[For the moms and the nannies and the proctors out there, and others with similar leanings: this thread is more for the innovation/creation/design-oriented types -- the designers, innovators, and test pilots. If you feel a need to exercise your inclinations to advise, and attempts to prohibit or dissuade, please do it on your own thread. This one is for the creative-development inclinations or mindsets. Thanks. Not saying your inclinations have no value, just that this particular thread is intended for creative development and brainstorming ideas. Which also have their place in the world.]

Last edited by Niles H.; 04-08-13 at 02:47 PM.
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Old 04-08-13, 03:08 PM
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One feature of the AirZound is its usage of a bottle designed to hold pressure.
Before buying anything else, you should pump one of those brake fluid bottles up to 15-25 psi and gauge your feelings about its soundness.
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Old 04-08-13, 04:00 PM
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Originally Posted by Niles H. View Post
...For the moms and the nannies...
Niles, I see you're finally going to prove a theory I've held since some of your earliest threads, in a fairly definitive manner.

DIY gasoline stove with a homemade plastic pressure reservoir, what a great idea.

Fuel efficiency improves with better atomization, so be sure to pump that baby up pretty high before you light it, just like a MSR Whisperlite.

Also keep the telephone handy with 911 on speed dial, so you can reach EMTs and Fire Dept in a single, convenient call.
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Old 04-08-13, 04:34 PM
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Originally Posted by Ferrous Bueller View Post
One feature of the AirZound is its usage of a bottle designed to hold pressure.
Before buying anything else, you should pump one of those brake fluid bottles up to 15-25 psi and gauge your feelings about its soundness.
I'll be pumping up at least several to see how much they can take, and then using them with large margins of safety. And putting them inside plastic oven bags for added safety.

Some people have non-reflective judgements and reactions about plastics. Plastics can actually be, and often are, quite strong, and are used in any number of applications that depend on their strength.

This system will have more safety and wider margins of safety than many existing stove systems.

If I wanted extra pressure, I would probably go to titanium containers. Much stronger and more fatigue resistant than aluminum. And more impact and corrosion resistant as well.

Last edited by Niles H.; 04-08-13 at 05:10 PM.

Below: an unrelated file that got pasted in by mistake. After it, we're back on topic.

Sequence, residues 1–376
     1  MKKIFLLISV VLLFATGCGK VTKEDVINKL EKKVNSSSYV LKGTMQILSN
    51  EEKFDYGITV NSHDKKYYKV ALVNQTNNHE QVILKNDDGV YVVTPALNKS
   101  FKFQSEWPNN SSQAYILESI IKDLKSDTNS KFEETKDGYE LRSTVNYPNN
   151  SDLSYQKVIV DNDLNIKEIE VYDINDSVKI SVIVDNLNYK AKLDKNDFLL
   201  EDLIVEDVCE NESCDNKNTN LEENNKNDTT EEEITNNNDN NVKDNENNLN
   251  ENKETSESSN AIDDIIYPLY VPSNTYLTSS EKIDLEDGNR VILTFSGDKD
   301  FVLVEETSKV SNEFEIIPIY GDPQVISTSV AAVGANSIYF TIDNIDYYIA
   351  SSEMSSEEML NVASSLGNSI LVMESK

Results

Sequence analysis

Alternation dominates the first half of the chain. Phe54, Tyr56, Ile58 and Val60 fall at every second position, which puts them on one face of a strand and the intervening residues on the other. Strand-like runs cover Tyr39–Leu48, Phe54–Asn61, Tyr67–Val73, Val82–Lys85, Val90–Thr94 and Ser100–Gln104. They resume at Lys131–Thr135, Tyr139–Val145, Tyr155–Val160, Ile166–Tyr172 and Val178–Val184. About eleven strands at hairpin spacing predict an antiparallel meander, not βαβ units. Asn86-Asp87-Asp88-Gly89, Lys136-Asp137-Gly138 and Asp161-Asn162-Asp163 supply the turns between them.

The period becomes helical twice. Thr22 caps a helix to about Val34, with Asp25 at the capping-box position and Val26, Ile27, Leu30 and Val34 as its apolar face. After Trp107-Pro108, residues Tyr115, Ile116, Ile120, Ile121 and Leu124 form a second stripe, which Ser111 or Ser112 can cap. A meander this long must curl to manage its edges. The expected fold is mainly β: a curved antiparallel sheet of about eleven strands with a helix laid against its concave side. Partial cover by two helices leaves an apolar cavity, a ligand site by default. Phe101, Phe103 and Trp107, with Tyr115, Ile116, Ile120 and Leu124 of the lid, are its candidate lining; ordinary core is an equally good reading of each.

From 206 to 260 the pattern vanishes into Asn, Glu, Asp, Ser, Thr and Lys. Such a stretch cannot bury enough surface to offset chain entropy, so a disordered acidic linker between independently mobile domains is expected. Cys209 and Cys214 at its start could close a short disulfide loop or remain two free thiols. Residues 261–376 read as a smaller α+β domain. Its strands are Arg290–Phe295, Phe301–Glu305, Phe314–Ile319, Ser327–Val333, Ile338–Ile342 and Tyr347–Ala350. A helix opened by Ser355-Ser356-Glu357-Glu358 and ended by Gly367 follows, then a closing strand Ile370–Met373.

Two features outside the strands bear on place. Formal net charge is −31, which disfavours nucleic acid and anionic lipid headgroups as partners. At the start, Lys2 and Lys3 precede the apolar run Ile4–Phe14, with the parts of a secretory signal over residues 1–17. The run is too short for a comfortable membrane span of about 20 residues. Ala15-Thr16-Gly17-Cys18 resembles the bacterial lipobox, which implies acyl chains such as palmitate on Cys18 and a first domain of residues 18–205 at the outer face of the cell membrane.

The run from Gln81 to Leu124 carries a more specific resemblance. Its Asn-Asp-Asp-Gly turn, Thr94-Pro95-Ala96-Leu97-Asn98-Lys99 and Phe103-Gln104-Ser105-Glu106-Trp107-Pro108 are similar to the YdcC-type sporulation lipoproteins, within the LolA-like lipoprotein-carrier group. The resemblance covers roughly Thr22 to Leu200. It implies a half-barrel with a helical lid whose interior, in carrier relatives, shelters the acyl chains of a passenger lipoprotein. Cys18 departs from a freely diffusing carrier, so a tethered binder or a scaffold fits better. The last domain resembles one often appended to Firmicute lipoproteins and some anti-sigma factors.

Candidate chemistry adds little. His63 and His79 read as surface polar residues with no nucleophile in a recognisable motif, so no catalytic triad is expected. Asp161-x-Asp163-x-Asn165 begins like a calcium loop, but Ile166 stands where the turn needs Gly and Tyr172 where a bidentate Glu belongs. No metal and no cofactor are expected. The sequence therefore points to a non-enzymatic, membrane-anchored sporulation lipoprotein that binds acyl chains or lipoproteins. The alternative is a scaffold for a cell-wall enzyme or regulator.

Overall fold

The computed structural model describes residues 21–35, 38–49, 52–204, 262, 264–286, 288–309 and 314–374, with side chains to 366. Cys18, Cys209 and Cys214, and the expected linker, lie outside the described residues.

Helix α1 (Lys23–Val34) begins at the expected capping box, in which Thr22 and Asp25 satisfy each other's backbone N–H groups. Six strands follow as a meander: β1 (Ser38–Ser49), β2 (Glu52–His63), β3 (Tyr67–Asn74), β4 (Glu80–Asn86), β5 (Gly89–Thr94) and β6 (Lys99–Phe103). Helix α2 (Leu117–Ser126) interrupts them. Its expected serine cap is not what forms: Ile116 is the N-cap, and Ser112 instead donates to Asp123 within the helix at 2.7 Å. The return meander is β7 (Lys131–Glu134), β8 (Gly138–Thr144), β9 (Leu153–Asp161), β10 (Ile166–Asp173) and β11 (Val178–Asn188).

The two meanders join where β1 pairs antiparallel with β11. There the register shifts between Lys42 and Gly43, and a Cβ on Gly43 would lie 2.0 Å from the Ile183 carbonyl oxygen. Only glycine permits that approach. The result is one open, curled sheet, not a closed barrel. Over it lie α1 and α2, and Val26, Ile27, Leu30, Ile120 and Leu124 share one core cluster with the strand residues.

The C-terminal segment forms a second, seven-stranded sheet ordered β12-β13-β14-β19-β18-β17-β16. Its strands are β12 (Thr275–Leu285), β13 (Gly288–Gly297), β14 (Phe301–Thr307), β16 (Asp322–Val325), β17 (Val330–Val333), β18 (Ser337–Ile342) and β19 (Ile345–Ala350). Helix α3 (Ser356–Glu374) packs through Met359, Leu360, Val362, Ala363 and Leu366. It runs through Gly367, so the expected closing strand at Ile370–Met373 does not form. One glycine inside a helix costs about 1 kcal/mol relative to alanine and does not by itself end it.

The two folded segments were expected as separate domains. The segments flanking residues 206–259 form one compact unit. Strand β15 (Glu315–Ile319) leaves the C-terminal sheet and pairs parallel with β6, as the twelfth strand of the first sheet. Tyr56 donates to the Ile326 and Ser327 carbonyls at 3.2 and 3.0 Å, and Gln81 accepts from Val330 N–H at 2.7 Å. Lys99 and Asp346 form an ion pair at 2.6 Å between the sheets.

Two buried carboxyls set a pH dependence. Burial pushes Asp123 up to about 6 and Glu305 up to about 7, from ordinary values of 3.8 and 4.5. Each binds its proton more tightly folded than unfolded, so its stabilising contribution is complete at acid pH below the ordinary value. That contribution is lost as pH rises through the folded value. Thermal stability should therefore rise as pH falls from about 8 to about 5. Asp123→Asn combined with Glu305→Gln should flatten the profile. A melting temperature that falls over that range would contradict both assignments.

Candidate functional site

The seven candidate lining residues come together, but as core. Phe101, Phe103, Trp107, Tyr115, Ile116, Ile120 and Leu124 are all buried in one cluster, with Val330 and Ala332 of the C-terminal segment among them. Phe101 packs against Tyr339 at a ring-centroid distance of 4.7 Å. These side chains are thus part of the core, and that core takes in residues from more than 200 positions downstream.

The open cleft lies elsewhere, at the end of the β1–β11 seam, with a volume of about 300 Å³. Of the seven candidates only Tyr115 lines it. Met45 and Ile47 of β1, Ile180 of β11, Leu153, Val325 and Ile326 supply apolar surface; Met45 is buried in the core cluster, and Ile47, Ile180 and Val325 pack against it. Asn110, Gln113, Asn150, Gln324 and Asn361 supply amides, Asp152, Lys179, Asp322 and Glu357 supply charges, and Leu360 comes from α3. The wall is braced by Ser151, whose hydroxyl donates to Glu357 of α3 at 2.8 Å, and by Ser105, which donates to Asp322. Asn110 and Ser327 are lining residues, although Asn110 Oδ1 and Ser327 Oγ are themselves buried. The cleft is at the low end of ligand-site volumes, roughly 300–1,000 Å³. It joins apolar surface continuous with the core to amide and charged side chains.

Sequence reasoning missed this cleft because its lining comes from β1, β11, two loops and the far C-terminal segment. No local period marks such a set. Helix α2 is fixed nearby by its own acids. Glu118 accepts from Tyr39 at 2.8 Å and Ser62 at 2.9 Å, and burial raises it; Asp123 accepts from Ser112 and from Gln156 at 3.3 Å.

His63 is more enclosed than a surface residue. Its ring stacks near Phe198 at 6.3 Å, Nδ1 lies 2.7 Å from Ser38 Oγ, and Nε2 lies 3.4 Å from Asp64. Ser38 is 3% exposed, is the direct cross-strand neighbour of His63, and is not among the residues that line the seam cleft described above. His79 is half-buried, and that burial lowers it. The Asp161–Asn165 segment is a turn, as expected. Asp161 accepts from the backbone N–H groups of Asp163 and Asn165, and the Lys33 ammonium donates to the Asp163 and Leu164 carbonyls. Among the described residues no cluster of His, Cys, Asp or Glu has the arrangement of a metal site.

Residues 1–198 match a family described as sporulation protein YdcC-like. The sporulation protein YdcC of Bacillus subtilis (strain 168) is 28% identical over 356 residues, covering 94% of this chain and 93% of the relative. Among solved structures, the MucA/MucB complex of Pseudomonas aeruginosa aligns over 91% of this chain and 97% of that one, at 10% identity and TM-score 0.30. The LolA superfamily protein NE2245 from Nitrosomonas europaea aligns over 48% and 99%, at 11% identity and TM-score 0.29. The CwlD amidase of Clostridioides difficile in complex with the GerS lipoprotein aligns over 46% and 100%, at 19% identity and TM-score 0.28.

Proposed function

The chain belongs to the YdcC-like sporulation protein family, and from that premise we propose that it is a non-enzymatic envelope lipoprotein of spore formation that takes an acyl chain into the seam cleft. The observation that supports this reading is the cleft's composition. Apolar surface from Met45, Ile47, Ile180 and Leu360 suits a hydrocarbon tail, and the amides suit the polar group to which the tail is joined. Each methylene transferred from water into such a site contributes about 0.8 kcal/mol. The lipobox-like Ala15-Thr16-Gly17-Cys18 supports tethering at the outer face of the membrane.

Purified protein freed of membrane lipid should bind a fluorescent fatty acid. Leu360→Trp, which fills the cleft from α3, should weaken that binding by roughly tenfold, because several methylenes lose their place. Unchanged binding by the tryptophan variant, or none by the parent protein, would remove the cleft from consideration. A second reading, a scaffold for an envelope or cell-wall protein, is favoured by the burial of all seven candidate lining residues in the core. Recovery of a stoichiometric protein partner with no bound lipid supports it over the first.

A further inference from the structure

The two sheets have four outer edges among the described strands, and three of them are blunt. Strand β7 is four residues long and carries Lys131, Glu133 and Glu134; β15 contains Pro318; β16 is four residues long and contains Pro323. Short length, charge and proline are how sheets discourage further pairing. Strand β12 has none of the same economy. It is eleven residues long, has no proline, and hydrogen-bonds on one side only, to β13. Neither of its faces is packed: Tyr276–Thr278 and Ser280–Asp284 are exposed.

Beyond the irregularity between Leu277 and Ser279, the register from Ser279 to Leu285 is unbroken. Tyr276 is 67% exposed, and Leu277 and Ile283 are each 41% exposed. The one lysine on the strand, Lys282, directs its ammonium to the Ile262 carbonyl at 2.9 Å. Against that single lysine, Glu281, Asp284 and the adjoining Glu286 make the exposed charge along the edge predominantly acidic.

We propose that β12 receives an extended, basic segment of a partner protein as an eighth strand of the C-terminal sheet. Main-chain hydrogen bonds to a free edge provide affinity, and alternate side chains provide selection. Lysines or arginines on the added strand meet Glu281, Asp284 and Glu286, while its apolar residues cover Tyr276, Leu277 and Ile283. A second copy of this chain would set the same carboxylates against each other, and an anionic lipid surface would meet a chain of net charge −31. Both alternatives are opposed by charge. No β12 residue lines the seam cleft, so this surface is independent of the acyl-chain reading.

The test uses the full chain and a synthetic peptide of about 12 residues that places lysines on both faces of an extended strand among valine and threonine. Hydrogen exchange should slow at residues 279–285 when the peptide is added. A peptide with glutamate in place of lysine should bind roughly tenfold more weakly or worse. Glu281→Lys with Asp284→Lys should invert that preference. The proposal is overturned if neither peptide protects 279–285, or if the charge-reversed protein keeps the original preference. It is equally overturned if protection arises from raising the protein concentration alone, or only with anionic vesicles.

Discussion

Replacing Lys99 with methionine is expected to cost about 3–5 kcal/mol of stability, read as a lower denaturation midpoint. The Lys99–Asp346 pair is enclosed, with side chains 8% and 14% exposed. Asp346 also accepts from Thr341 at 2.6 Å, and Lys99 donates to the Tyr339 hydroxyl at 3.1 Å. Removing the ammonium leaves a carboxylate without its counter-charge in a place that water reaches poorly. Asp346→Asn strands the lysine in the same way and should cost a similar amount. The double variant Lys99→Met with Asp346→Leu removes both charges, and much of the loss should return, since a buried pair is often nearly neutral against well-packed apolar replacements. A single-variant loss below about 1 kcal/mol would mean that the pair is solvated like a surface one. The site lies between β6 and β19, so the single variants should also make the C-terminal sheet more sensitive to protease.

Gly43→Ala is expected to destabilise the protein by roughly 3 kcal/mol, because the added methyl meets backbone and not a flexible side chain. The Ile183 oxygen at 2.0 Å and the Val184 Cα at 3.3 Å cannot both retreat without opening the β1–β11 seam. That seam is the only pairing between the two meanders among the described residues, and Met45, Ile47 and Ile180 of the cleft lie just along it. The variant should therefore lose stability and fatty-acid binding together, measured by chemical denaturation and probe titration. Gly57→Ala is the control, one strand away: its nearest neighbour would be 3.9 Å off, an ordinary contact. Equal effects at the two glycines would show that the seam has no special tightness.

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Old 04-09-13, 11:59 AM
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It's not unleaded, but don't think you can get any more compact and light that the Caldera keg F system. 6.3 oz (181 gm) all in. I'm getting this for backpacking, for touring I use a super cat stove, a larger pot and cozy.
http://www.traildesigns.com/stoves/c...f-stove-system
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Old 04-12-13, 03:24 PM
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Originally Posted by seeker333 View Post
Niles, I see you're finally going to prove a theory I've held since some of your earliest threads, in a fairly definitive manner.

DIY gasoline stove with a homemade plastic pressure reservoir, what a great idea.

Fuel efficiency improves with better atomization, so be sure to pump that baby up pretty high before you light it, just like a MSR Whisperlite.
........
.
This s just the sort of false and cliched twaddle one might expect from a rather senile nanny.
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Old 04-12-13, 04:10 PM
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I've been working with projects and inventions involving gasoline and explosives since childhood, and have learned the ropes of staying safe. But I don't recommend that inexperienced persons try making these kinds of experiments.

*******
There, that's out of the way.

Update: The Vargo Triad has arrived.

She's a beauty.

I love titanium.

The ideal pressure range for the Whisperlite is 15-25 psi. (Since the fuel is no longer a liquid dowstream from the heated generator tube, atomization isn't even a possibility, much less an issue.)

This is looking really good. The Whisperlite also functions more efficiently when not at maximum power, and is able to simmer when the pressure is kept low. All this lines up very well.

Connections need to be extra secure. This is an area of failure in some of the commercial stoves. (I just read about separation issues with some of the commercial models.)

There is a lulling illusion that the commercial stoves are more or less perfect; but you can at least carefully inspect your parachute, if not learn to pack it very caringly and safely yourself. Extra security at potential failure points can be a very good thing. Commercial stoves should be understood and inspected regularly, and o-rings should be kept fresh and sound.
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Old 04-12-13, 05:46 PM